Rewind film: Stand By Me, directed by Rob Reiner
Stand By Me
River Phoenix, Wil Wheaton, Corey Feldman, Jerry O'Connell, Kiefer Sutherland
Director: Rob Reiner
It's doubtful a film like this would get made today. Almost three decades on and the world is a vastly different place - especially the constantly shifting ground occupied by adolescents - and rapid advances in technology have made young people grow up faster than they should in the post-9/11 era.
Themes that were once the reserve of jaded adults are now fodder for everyone. A certain innocence has been lost, and the playful nature of the main characters in Rob Reiner's classic would be lost on today's youth. "It's just too childish!" they may say.
And this is what Stand By Me is really all about: boys becoming men and entering a world far removed from long, bucolic summers of riding bikes, eating Tootsie Rolls and playing in treehouses. With a rumour going around that there is a dead body in the woods near the railway track, the four best friends set off to make heroes of themselves, and in the process leave behind the naiveté of their early teens.
But the film doesn't begin with whimsical play. Richard Dreyfuss narrates as an older version of the main protagonist, Gordie Lachance (played by Wil Wheaton), some 30 years after the events take place. He is sitting alone in his truck, having just found out that his old buddy Chris Chambers (River Phoenix) has been murdered in a random attack. The friend who looked to be going nowhere, fast, became a successful lawyer, and was then cruelly struck down in his prime.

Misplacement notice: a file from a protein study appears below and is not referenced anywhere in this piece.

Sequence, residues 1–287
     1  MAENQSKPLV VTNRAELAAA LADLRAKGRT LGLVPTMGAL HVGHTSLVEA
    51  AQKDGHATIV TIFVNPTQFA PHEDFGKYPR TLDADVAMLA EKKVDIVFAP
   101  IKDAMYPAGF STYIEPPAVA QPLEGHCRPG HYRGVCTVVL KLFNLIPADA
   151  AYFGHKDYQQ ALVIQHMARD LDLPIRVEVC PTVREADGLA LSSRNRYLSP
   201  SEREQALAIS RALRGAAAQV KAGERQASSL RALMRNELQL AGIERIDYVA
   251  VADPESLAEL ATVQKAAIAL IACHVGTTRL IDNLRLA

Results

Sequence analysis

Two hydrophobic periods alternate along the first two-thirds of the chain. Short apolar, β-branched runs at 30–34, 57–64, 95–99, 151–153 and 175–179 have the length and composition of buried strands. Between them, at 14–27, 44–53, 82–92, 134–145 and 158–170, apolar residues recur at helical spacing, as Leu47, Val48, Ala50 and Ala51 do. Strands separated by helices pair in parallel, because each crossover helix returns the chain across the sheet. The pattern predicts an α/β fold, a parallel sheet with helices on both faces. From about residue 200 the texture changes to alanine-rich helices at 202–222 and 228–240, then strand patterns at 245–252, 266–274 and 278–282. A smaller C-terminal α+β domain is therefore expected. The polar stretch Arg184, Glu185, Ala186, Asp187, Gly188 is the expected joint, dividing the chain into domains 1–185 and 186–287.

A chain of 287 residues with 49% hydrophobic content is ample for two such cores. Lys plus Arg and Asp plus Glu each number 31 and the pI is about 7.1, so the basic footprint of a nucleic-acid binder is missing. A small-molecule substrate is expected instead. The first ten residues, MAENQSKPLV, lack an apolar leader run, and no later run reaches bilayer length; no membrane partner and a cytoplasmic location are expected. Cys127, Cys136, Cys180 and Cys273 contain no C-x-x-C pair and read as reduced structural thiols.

The gang - which also includes butt-of-all-jokes Jerry O'Connell as Vern Tessio and Corey Feldman as the wise-cracking, bespectacled Teddy Duchamp - find mutual support in their friendship, as an antidote to their difficult home lives. Teddy has a violent, alcoholic father while Chris' is a career criminal. Danny is suffering from the recent loss of his older brother and is shunned by his parents. With this adventure acting as a respite from the depressing realities of home life, they set off to find the body, and along the way they face guard dogs, leeches and the local gang led by the sadistic "Ace" (Kiefer Sutherland).
But there is something in the lack of cynicism in the four characters' temperaments that is far removed from the way youngsters in the West behave in the millennium. After all, this film is set during one hot summer in the late 50s, an innocent time before the "loosening of morals" in the '60s. And here we have a good old-fashioned kids' adventure in the vein of The Famous Five, albeit with an underlying sense of what serious issues the children will have to face when they grow up.